Jesse Jarnow

“tropicália” – caetano veloso

“Tropicália” – Caetano Veloso (download here)
from Caetano Veloso (1968)
released by Elektra (1990) (buy)

Yesterday, Os Mutantes announced that, following their May performance in London, they will come to the United States for two gigs, in New York and Los Angeles, respectively. Though it wasn’t on the collective concept album/manifesto that announced the tropicália movement that included the Mutantes, Gilberto Gil, Caetano Veloso, and others, Veloso’s “Tropicália” might as well have been. It’s as fine a template for Brazilian psychedelic music as one could ask for: textural, sophisticated, and beautiful. It’s the chorus that got me. It’s, y’know, toe tappin’.

Not that I understand a lick of them, but the verse lyrics (in translation, via Charles A. Perrone’s Masters of Contemporary Brazilian Song) are pretty boss, too, with phrases like “Its heart swings to a samba’s tambourine / It emits dissonant chords / Over five thousand loudspeakers.” The choruses, especially, are filled with references to Brazilian culture, such as Carmen Miranda and bossa nova, and the verses recall various songs, as well as (according to Perrone) “‘The Letter of Pero Vaz Caminha,’ the first literary document in colonial Brazil.” Heady shit.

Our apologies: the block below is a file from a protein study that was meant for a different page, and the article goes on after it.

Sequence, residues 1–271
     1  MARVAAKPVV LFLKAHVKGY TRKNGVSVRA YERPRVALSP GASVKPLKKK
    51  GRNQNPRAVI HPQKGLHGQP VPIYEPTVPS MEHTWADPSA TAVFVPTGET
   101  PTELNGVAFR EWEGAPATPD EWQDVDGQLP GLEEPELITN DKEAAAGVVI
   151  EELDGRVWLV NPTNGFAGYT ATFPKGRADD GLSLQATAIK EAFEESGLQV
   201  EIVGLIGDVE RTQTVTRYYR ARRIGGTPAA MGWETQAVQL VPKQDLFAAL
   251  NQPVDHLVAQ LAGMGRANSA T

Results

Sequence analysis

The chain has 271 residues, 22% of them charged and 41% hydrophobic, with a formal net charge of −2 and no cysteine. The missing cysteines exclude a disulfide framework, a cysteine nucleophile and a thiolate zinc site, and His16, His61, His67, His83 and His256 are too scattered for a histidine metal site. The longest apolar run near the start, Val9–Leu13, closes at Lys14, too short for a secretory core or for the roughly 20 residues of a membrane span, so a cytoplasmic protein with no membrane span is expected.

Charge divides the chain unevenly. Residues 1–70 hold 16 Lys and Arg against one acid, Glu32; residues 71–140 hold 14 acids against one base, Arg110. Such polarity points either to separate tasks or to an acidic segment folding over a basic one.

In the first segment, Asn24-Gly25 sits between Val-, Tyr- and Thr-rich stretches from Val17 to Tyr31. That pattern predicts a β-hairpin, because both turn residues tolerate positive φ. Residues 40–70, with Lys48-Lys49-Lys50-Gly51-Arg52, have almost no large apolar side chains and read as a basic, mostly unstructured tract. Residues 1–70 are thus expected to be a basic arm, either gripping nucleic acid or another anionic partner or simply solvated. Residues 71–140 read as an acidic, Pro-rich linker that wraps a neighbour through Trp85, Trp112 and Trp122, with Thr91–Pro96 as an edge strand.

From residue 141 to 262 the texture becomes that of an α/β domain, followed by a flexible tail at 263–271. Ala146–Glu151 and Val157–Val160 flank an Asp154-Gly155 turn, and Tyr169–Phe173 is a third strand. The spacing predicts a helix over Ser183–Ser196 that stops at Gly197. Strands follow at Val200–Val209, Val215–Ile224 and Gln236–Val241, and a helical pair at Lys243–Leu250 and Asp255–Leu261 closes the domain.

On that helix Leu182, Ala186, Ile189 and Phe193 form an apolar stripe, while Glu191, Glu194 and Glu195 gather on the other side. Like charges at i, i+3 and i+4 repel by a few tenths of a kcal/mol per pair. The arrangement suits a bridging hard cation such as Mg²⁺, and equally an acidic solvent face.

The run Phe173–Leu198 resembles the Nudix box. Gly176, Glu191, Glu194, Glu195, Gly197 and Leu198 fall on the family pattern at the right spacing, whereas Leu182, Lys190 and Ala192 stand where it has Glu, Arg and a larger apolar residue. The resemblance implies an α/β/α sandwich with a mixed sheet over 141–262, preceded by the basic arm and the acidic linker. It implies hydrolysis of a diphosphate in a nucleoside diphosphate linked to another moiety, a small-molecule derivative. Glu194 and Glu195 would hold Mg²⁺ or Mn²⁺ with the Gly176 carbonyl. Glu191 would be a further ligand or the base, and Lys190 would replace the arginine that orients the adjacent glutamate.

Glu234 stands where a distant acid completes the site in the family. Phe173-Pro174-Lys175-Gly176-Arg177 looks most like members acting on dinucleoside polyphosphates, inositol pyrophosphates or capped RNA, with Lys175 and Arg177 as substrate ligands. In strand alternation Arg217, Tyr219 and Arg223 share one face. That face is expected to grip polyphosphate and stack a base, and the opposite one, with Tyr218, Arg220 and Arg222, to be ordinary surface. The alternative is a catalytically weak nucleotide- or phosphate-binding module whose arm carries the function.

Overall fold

1. Michael Slaboch says: - reply

    Hi Jesse,
    You raise an interesting point that I’ve been thinking about as of late in regards to the language barrier of foreign music.
    One of the things that I love most about this proverbial barrier is that it forces me to really focus in on listening to the human voice as an instrument. Mediocre lyrics can easily distract me away from a beautiful voice. You know?

  2. Jesse says: - reply

    Usually, I’m in that boat, too. I was half-afraid of that with the tropicalia stuff until I read Perrone’s chapter on Veloso. Reading along with the translations (especially “Bat Macumba,” which creates some nifty wordplay by dropping syllables from the main chant, with each permutation creating a different meaning) was third-eye opening.

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